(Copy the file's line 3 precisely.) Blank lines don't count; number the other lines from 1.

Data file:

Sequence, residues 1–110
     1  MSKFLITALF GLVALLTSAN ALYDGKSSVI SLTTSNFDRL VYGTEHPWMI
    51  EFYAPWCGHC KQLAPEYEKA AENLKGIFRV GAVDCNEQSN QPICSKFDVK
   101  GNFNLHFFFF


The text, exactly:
    51  EFYAPWCGHC KQLAPEYEKA AENLKGIFRV GAVDCNEQSN QPICSKFDVK